White River Junction VA looks into curative therapy for Hepatitis B

Vermont Business Magazine The VA Medical Center in White River Junction has recently initiated a joint venture with Excision Biotherapeutics to develop a curative therapy for hepatitis B virus infection. More than 2 billion people are infected with the hepatitis B virus worldwide, and of these, more than 350 million develop a chronic liver infection characterized by liver inflammation, cirrhosis, and ultimately liver cancer. The US veteran population is disproportionately affected by hepatitis B virus, and rates are even higher in homeless veterans compared to the general veteran population. Thus, developing approaches to cure hepatitis B infection is a critically important area of research for the VA.

The VA research laboratory, headed by Alexandra Howell, Ph.D., will focus on hepatitis B virus. “My team and I are developing a treatment by developing a way to damage genes that the hepatitis B virus requires to replicate.” The research team includes Susan Eszterhas, Ph.D., Michael Gleeson, M.D., Ph.D., Matthew Hayden, M.D., Ph.D., and laboratory assistant Taylor Hudson, B.S.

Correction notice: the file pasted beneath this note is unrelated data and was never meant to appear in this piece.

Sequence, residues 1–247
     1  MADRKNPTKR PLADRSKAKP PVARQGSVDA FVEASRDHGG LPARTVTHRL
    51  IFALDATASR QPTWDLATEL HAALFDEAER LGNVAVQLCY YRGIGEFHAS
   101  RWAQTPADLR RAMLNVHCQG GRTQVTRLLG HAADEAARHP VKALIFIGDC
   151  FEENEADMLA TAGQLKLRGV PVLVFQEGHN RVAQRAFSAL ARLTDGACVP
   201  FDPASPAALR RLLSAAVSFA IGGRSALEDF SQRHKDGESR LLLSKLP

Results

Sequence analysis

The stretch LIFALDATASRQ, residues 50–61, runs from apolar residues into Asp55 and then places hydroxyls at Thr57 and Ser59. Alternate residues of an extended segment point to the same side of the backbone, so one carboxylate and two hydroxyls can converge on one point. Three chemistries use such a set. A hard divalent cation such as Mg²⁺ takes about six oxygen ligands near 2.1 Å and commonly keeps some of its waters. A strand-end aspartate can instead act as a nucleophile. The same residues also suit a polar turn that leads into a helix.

Excision Biotherapeutics (excisionbio.com) is a private company specializing in the development and commercialization of advanced gene editing technologies, called CRISPR/Cas, for the treatment of life-threatening viral diseases including HIV, hepatitis B, herpes simplex and human papilloma viral infections.

Dr. Howell and Dr. Eszterhas, with funding from the VA Merit Review program, have already utilized CRISPR/Cas gene editing for HIV infection, and have filed several patents on this new technology. This new joint-partnership with Excision Biotherapeutics is expected to fast-track the development of CRISPR/Cas gene editing therapeutics for hepatitis B infection, with the ultimate goal of initiating Phase I clinical trials.

Gene editing has emerged as a state-of-the-art approach to precisely modify genetic material in any human cell. There are two challenges researchers face with a gene editing approach. First, they must identify the specific viral genes to target. Second, there needs to be a way to deliver the therapy directly to liver cells. The VA research team will be testing the best way to deliver the therapy to the liver using a laboratory mouse model.

White River Junction VA Medical Center is excited to partner with Excision Biotherapeutics and embark on a journey to find a treatment that will benefit not only our Veterans but the general public across the globe.

Source: Veteran Affairs Medical Center